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    Buying Metro Tickets

    by antistar Updated Jul 9, 2013

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    Glass Underground Station, Frankfurt

    The ticketing system is a little bit complicated, but it becomes pretty simple to understand after a few trips. You simply buy a ticket from one of the machines located at every stop, and then you go. There's no need for validation or any of that nonsense.

    There is a vast array of tickets, but for short term tourist visitors, the following tickets will be all you will ever really need to worry about. Prices are good for 2006.

    1. Einzelfahrkarte: A single journey ticket that costs 2.10 or 1.90, depending on the time of day. It covers you for 2 hours of single direction travel, meaning you can get off and change trams or whatever, but you can't reverse and come back along the same route.

    2. Tageskarte: If you make more than two journeys in a day, then a day ticket (tageskarte) is definitely worth it at 4.90. It covers you for 24 hours from time of purchase.

    3. Wochenkarte: At 19.00 the weekly ticket covers you for exactly seven days from the moment you buy it.

    It's worth noting that the weekly ticket covers you for the airport, but the other two tickets don't. You'll need to buy the same ticket at a higher price.

    Single and day tickets can be bought at any machine at any stop in Frankfurt. These machines often accept notes as well as coins, but not always. As long as you are travelling within Frankfurt, you only need to type in the Frankfurt code of 5000 and press the button for the type of ticket you need in order to receive it. If you are going outside the city or to the airport, then you'll need to locate the code on the displayed sheet and type that instead.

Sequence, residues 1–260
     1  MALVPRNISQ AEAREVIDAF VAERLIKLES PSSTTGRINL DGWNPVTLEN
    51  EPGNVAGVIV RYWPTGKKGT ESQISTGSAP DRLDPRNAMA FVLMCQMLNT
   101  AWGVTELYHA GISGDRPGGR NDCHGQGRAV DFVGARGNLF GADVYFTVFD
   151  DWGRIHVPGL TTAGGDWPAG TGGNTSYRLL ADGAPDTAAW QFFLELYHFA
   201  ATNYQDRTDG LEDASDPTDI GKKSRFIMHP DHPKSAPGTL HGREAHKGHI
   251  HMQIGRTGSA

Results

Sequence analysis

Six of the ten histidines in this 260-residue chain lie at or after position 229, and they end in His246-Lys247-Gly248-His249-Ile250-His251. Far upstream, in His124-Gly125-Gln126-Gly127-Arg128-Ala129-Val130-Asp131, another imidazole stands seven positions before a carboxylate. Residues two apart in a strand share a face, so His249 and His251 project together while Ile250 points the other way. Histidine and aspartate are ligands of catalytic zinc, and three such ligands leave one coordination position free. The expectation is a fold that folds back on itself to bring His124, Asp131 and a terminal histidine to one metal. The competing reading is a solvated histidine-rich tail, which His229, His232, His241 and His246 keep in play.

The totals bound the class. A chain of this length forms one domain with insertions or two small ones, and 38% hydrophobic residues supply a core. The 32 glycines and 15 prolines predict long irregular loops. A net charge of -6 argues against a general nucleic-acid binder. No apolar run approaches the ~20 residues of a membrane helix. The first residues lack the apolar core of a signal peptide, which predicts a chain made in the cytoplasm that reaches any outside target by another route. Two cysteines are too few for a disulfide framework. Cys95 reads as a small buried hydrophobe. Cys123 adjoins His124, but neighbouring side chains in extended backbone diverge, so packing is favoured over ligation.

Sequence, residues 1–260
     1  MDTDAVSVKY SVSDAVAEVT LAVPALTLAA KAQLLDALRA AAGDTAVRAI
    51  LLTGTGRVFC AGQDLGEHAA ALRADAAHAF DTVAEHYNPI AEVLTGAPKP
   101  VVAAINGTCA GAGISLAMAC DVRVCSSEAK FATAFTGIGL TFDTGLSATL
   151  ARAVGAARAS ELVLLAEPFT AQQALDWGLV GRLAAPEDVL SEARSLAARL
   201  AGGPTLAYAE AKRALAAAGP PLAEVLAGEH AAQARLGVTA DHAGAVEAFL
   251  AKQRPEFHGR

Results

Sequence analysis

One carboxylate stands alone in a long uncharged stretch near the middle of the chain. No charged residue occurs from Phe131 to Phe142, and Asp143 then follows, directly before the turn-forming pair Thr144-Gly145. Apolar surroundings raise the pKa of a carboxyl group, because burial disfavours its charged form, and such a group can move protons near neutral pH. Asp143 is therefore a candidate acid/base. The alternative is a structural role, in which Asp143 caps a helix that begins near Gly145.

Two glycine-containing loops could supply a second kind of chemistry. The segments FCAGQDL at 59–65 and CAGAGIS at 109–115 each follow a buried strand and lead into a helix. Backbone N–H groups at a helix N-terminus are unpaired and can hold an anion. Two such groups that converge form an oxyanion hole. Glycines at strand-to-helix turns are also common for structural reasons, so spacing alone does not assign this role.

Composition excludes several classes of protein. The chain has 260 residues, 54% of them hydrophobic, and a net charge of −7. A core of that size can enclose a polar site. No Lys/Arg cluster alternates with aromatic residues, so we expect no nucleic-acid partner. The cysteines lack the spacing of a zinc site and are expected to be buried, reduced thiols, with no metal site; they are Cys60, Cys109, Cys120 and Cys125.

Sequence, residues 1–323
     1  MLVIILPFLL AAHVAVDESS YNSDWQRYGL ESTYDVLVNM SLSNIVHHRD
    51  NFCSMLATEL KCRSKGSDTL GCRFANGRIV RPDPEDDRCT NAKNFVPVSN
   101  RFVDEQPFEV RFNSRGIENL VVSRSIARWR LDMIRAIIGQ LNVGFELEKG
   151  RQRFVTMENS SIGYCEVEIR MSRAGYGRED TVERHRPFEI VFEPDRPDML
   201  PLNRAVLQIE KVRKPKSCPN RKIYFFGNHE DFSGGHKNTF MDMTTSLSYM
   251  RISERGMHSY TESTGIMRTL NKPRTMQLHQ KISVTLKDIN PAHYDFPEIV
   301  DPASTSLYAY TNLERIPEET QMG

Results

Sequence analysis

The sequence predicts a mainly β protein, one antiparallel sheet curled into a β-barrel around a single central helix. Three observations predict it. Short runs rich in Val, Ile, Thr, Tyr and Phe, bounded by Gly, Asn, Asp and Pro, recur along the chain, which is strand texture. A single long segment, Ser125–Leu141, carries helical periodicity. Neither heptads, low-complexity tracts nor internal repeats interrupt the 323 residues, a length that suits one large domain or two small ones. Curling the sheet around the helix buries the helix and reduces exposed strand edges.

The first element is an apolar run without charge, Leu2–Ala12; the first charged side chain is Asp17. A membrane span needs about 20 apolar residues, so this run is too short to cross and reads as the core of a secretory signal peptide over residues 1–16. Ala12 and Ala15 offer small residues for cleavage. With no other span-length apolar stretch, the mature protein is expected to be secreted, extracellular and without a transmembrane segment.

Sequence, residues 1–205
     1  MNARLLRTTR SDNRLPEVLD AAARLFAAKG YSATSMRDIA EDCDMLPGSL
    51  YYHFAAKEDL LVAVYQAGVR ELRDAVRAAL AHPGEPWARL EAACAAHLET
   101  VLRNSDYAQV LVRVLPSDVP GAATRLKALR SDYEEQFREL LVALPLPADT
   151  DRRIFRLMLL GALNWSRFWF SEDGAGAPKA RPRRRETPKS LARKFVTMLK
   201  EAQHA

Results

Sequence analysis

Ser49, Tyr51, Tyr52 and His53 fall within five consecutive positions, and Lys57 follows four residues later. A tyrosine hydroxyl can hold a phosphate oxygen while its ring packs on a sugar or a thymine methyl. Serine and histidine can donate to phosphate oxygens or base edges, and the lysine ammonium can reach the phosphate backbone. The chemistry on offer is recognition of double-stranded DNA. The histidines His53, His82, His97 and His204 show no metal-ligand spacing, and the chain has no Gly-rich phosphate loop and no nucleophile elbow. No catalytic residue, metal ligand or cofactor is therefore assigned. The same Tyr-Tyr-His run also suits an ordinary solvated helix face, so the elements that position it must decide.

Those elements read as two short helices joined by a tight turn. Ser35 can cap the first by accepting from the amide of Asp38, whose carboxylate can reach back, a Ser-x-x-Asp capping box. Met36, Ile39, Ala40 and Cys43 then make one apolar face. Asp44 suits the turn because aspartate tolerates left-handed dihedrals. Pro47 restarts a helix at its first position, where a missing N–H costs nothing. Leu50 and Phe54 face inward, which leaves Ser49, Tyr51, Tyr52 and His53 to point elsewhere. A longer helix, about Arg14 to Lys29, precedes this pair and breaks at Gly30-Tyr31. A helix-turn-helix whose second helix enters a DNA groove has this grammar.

Weekly tickets can only be bought at ticket counters, or at more advanced machines at special locations around the city. Some of these special locations are the major train stations, like the Hauptbahnhof, the Airport, and the Sudbahnhof.

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  • cheapest way from Frankfurt to Stuttgart

    by Reisefan25 Written Apr 4, 2012

    I suggest you to use cheap airlines from Frankfurt-Hahn airport directly to Stuttgart airport. You can get the flight to Stuttgart complete with flight back to Frankfurt-Hahnairport for 137,42 euros with the cheapest airline. If you are having including "train to flight" you may use ICE train from Frankfurt Airport station to Stuttgart central station for free. Stuttgart is having excellent public meanings (underground train, s-train and bus) or you may use car sharing on airport for travelling from Stuttgart airport into city centre.

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    Metro Ticket Vending Machine

    by Weissdorn Updated Apr 4, 2011

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    Purchase Your Ticket BEFORE Boarding

    Nothing could be more complicated that the RMV vending machines for tickets. Fortunately, most have a touch screen, and if you touch a flag where they speak a language you understand, it will be easier to use. Otherwise it works as follows.

    1) Select a destination on the list on the machine, and pick out its code.

    2) Punch the destination code number in the machine, and select a coloured button below for Single adult, child, etc.

    3) Pay the amount for the ticket.

    The machines can only give change if they have enough change in them. YOU CANNOT PURCHASE TICKETS ON THE METRO, and if you board the train, without a ticket you may get caught for riding without a ticket, which means an immediate payment of 60 Euro fine.
    Although many have a slot for a card, this is for a German ATM or Eurocard, and not for credit cards.